My strips are all set out on the work bench. Waiting. Still bound with string to the metal form in which they were heat treated, Frank shows me how to cut the end of the string -- placing them against the planing forms, pulling, and rolling it loose -- the strips bloom out like the stretcher in a Japanese parasol my grandmother used to keep in a luggage trunk I remember as a kid, into which I always wanted to climb and disappear...to go on my own journey (but apparently, luggage trucks don't hold the magic of wardrobes, just in case you were wondering, and I'm sure you were). The string unravels perfectly. No tangles, just a ball of string in my hand.  

Before planing, I sand down the frontsides of the strips. First the nodes, and then the length with a finer grain paper, even-ing to lay in the form later. When all of the butt strips are done, I start planing them down to the first dimensions before sanding the tips.

Blades are sharpened. The form is set. This feels like a prime opportunity to screw everything up. You know, how in old legends and myths, there is always that one fatal mistake? The hinge on which the whole story and character could turn, or not -- and my mind runs away with this...  

Frank takes the first strip, sets it in the form, places the plane on top, and begins -- moving his arm forward, his body follows -- arm and elbow in a straight line; push more than press; momentum; make sure the plane clears the end of the tip; roll up your sleeves -- all of this, in one graceful movement. Planing is the rodmaker's version of a cast, I decide. There’s a technique to it, but once you feel it, it’s like dancing -- and it’s beautiful to watch.  

And now it’s my turn...for dancing...or screwing everything up. One or the other. Or, I suppose, both.

The plane stops and starts down the strip. One of the partners is off -- I know it’s me. And I also know that there isn’t any way to get “on” but to keep planing...to keep tripping over my toes. Muscle memory, as Frank says later.

Midmorning, a man steps into the workshop to say hello, “back here makin’ some bamboo rods, huh?”

“Yep,” Frank replies....“because we can.” I keep my head down, sanding, and smile. Sometimes the answer is as simple as that -- because we can. We don’t have to, we want to -- and we can, so we do. And no, it doesn’t always make sense. In fact, these sorts of things seldom do.

Curls of cane soon pile up on the plane and I push them off onto the workbench. But they come back.

“What always surprises me is the static of the shavings,” Frank nods my way.

“They’re alive!” I laugh, shavings sticking to my hands.

We both chuckle.


But really, all the while thinking, maybe they are... 
 

 
Suddenly, I feel bad for the fibers curled up in front of me. Though they wanted, they couldn’t stay. They don’t get to be the end, but they were a part of the journey, part of the history of this rod -- but that, some would say, holds the meaning. With a mindset of finished products, stories are left unfinished. And even though we live our lives to their end, our stories go on ever-after -- sometimes happily, sometimes not. We’re never truly done. Never complete. Never a finished product, or closed book. And yes, I know I’m anthropomorphizing here, but I take solace, remembering Kathy Scott’s reasoning that this is okay as long as it’s “mixed with a self-deprecating smile” (Changing Planes, p.150). So I grin as I continue on...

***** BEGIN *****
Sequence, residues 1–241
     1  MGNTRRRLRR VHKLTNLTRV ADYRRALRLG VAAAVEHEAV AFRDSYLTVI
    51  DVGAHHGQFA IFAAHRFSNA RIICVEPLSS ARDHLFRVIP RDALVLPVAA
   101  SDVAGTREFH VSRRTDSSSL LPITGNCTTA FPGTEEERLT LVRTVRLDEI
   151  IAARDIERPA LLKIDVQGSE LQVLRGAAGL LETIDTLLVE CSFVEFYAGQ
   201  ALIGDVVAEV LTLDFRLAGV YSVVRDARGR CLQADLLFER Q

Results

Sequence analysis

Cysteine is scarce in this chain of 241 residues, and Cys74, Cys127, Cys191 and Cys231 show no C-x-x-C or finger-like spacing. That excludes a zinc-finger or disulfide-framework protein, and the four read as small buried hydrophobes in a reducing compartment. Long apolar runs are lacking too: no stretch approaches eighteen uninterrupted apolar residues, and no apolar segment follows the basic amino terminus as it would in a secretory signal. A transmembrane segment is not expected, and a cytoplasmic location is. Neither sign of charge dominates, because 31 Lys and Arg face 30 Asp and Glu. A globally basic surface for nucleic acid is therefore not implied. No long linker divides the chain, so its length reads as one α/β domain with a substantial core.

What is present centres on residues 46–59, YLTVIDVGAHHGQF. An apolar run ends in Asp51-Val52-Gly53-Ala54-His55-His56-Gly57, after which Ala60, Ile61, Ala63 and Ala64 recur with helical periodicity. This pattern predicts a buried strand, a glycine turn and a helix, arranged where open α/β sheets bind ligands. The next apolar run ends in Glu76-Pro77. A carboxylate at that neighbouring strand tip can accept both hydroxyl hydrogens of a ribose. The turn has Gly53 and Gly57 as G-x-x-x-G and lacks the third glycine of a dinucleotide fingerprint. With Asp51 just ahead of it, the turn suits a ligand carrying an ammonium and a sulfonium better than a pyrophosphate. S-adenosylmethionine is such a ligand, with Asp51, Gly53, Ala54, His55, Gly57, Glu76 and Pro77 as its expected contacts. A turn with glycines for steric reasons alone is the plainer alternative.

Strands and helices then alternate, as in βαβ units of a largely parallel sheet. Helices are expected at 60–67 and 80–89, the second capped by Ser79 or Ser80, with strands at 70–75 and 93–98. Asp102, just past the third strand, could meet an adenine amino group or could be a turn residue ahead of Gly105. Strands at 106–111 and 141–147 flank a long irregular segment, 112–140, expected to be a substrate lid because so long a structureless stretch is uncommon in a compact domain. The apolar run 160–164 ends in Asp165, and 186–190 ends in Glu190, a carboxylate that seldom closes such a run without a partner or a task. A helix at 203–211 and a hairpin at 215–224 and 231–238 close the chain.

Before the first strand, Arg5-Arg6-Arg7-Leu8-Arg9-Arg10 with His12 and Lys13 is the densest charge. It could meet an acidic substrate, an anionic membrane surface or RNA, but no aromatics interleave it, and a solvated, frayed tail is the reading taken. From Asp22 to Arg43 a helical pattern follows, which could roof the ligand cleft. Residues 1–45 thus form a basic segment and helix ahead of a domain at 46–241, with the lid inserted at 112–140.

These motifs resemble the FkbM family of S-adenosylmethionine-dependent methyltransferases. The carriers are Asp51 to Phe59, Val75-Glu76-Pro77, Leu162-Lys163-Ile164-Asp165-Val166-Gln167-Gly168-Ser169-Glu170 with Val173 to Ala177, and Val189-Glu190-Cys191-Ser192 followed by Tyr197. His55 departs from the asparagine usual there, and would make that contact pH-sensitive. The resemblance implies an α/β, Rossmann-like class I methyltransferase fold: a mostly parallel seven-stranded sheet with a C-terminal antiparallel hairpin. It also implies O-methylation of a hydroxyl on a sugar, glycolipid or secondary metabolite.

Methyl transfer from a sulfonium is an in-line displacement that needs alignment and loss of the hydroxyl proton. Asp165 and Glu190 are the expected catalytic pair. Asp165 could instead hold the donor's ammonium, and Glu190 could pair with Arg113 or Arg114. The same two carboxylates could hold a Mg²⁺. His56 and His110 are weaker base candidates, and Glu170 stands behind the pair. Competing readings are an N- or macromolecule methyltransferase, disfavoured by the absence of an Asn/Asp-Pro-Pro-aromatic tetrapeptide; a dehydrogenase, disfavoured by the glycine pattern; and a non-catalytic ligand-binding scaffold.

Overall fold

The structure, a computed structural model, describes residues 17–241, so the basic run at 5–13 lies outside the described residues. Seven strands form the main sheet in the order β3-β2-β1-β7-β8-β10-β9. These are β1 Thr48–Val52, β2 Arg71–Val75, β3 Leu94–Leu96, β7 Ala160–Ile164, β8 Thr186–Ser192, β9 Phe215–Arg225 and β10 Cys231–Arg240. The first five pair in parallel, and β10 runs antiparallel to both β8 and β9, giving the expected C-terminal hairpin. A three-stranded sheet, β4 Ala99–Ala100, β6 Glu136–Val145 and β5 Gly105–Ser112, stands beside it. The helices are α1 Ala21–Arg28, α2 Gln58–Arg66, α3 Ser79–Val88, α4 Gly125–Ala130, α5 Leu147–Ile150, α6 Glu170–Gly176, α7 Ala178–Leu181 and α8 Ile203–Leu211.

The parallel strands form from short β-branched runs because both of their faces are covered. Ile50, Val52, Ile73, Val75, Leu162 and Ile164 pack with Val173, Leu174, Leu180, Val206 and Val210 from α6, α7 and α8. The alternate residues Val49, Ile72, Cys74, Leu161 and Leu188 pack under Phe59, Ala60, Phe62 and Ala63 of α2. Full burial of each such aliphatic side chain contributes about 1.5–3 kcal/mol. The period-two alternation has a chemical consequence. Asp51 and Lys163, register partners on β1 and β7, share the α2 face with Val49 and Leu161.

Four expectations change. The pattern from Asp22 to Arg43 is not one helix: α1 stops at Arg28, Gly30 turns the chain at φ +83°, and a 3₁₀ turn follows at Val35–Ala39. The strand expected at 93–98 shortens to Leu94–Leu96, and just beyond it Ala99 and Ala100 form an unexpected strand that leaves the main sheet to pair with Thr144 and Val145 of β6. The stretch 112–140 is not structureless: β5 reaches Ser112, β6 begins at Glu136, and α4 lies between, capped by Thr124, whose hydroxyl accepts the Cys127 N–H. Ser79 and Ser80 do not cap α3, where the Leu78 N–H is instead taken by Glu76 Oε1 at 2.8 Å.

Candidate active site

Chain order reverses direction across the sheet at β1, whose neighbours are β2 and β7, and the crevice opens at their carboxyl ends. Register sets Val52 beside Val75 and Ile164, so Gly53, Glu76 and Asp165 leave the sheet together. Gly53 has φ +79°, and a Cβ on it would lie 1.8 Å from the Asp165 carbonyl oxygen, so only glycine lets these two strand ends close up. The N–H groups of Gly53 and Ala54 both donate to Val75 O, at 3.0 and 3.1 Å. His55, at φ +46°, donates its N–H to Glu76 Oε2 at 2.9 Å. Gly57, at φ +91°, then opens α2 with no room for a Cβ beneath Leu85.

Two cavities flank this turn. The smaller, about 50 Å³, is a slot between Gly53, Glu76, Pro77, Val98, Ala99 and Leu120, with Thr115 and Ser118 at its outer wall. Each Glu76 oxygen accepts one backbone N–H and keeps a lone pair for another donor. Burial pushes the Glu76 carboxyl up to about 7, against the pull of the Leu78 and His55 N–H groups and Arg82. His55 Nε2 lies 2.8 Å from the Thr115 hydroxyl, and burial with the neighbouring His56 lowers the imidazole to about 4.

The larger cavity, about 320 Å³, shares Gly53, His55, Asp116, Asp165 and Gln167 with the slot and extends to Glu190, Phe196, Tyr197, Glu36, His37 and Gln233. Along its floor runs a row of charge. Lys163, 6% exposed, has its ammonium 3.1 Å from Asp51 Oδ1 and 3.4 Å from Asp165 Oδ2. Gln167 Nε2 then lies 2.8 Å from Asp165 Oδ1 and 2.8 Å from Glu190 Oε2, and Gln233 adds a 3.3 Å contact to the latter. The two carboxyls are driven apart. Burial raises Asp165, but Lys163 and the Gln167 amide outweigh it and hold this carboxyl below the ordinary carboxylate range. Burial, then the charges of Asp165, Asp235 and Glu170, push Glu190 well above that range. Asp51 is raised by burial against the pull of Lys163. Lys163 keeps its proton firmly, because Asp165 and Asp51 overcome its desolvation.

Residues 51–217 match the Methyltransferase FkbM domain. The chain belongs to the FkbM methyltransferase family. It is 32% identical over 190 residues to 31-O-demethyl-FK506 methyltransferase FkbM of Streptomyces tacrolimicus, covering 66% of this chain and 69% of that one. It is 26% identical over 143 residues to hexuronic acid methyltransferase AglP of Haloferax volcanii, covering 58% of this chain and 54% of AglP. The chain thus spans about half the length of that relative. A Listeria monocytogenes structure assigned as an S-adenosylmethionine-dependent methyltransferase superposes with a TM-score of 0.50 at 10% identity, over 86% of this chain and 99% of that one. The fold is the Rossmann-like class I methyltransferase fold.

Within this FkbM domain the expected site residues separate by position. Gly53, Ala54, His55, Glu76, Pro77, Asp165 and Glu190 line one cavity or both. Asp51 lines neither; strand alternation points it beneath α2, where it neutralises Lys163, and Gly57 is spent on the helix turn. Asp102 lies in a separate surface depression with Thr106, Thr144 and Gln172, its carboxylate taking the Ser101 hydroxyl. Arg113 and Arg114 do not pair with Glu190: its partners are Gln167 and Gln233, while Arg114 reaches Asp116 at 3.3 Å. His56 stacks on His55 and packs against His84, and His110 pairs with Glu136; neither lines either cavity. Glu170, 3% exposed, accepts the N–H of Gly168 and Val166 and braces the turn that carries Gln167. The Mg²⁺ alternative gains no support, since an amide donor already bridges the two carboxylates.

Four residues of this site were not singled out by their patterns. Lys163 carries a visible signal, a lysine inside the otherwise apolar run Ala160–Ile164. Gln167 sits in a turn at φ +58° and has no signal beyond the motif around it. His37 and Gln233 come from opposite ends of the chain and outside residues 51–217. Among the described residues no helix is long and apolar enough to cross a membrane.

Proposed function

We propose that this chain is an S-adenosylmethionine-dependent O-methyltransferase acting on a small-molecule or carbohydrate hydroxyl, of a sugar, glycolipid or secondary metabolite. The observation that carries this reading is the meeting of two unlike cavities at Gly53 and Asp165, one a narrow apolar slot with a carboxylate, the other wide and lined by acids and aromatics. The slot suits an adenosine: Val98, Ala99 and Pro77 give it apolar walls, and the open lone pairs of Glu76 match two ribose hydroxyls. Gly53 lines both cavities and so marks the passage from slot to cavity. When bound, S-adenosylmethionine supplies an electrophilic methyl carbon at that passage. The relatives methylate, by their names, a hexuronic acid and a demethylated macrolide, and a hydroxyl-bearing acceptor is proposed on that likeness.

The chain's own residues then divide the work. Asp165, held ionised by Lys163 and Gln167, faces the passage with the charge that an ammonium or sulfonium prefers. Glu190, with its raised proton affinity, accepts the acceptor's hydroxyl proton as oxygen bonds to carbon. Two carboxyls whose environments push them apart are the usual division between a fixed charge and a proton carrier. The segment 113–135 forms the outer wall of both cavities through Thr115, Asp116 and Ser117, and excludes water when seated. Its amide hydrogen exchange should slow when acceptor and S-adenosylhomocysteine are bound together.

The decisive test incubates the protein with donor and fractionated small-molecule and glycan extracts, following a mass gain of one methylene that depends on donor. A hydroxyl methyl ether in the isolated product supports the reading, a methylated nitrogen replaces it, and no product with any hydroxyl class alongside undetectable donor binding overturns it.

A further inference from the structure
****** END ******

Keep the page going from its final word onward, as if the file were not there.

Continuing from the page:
.….planing, until the butt sections are done, the sun has set, and the shop is closing.   


Saturday, January 14, 2012 -- 8:30 a.m.

Not as windy today, and I spot a red-tailed hawk sitting high in a cottonwood over a tributary of Boulder Creek as I drive across on 119. Another fisherman. The creek being frozen-over for the most part, perhaps he’s waiting for a rabbit to be flushed from the tangled thicket below, with a beagle’s sense knowing that they’ll always double back.

In the workshop there is music -- blues and bluegrass and Dylan.“I used to wear headphones, but couldn’t hear the cane, so I stopped.” Frank says. “It’s important to hear it...”

Tips wait to be sanded and planed, but first I pick out a replacement butt strip. One of yesterday’s didn't turn out like the others -- it's usable, but still has a noticeable groove above one of the nodes, which might be hard to fix, even with another two planings. We can do better, Frank says. And so having some spares, we do.  

Mike comes back during a break from customers to show me the rod he built with Frank a few years ago. It’s beautiful. A blonde. “They have more fun, right?” he says with a grin. I give it a few lineless casts, and still have a hard time believing that all of my splits will actually turn into a rod. Right now, it’s nothing but pieces I’ve torn apart form a whole, only to spend hours in putting back together again. Splitting apart, sanding smooth, planing off excess and scars, and so it goes. In life too. And eventually, with enough time and heartache and hard work, it’s put back together again. Different than it was, but maybe into what it was meant to be all along. And so perhaps rodmaking is just a further exercise of this faith → that being in pieces does not necessarily mean broken, certainly not beyond mend, and that, in fact, it’s necessary for growing into life itself.